In February I wrote an article about the Miller-Heiman Group and their gender diversity and equality initiatives. As we all know, gender diversity is a pressing issue--in the United States and across the world--which is ironic considering that women are the top marketing opportunity in today's global economy. According to Miller-Heiman, hiring women is smart business, and I believe they're right. And not just because 85 percent of global consumers are female.
Research shows that women possess certain unique qualities that make them strong managers and even better managers than their male counterparts. "In a Gallup report based on over four decades of research, including the analysis of 27 million employees' responses, female managers outperform their male counterparts when it comes to driving employee engagement," writes Michael Schneider.
As I have said, according to research from McKinsey & Company, published in January 2018, gender diversity on executive teams is strongly correlated with profitability and value creation. But the number of women in management positions does not reflect this reality.
Today. Tomorrow? We'll see.
Women are skilled at relationship building and collaboration.
Women value relationship building and collaboration, which is essential for management. Women will often collaborate with their peers to strengthen their team, and they will work with customers to make sure they are connected and dialed into the company's products or services. It's how we are wired.
Female team leads, or managers, of matrix-led teams, who don't have authority over the individuals on their group tend to be better at developing relationships to influence engagement and productivity. They are comfortable sharing leadership responsibility so that everyone on the team feels empowered and asking for consensus within the group. This emphasis on relationship building and collaboration provide real benefits to the team and the organization as a whole.
Women listen more than men and aren't afraid to ask questions.
Women generally like to understand the whole picture; it's the way their brains work. The "tell" style many men use isn't as effective in complex, multicultural, and often virtual work environments. Women are more inclined to ask questions, listen, and react effectively. In my book, "The New Global Manager," I put forth a tool called OARTM (Observe, Ask, React.) Women are exceptionally good at these skills.
Women tend to understand the importance of listening and taking in the nuances. They excel at encouraging others, and many female managers understand the importance of maintaining a positive tone in the workplace. Both of these qualities are valuable in managing teams and more often comprised of people from diverse backgrounds and experiences.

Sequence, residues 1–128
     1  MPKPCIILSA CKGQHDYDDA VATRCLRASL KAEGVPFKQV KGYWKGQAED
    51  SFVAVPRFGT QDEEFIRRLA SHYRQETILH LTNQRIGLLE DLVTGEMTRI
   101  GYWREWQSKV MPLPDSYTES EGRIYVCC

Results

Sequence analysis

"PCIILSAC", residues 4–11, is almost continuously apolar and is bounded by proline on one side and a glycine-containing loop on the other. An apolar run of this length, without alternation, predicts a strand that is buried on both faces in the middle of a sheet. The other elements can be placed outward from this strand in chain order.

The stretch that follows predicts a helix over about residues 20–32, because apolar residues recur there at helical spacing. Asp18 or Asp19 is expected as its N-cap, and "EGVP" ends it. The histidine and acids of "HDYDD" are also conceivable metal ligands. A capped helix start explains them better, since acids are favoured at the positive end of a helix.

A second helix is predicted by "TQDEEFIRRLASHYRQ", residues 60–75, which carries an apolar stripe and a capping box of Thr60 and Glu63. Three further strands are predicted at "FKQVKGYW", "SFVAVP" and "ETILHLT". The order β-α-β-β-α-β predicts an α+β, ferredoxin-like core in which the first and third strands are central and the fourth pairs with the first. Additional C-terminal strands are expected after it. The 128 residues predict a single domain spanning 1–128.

Women in management positions tend to be hardworking and are often perfectionists.
This is a little controversial, but, some of the qualities female managers possess, while intrinsically good, can inhibit their own career advancement and that of their direct reports. Women tend to work hard and long hours, keeping their heads down. They tend to veer into perfectionism at times, which can negatively impact their careers.
Hardworking women are highly productive and get a lot done in a shorter amount of time, but modeling this behavior as a manager can be challenging to the team. They may feel they need to mimic the manager's behavior, staying late, blowing off personal commitments, and not taking time for networking and other company activities.
If you see yourself in this remember, don't bury yourself in your laptop or tablet at work. Use meetings as an opportunity to network and talk about your accomplishments. Model hardworking behavior, not perfectionism. And encourage your team to talk about their results and achievements to you and the company as a whole.
Over the next decade, the impact of women on the global economy is projected to be at least as significant as that of China and India, according to a white paper published by Ernst and Young. "Tapping into women's economic potential would be the equivalent of having an additional one billion individuals in business and in the workforce, contributing to the global economy and stimulating growth."
Wow. Those are powerful words.
Let's hope we see a corresponding increase in the number of women in management. Our global economy will only benefit from gender parity and an increase in female management and leadership.